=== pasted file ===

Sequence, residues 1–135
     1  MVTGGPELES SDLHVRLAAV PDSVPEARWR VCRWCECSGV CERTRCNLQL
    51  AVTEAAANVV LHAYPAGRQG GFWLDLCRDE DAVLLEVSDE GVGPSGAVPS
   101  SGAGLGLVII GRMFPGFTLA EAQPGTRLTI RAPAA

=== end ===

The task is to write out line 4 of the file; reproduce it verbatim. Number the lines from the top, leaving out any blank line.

   101  SGAGLGLVII GRMFPGFTLA EAQPGTRLTI RAPAA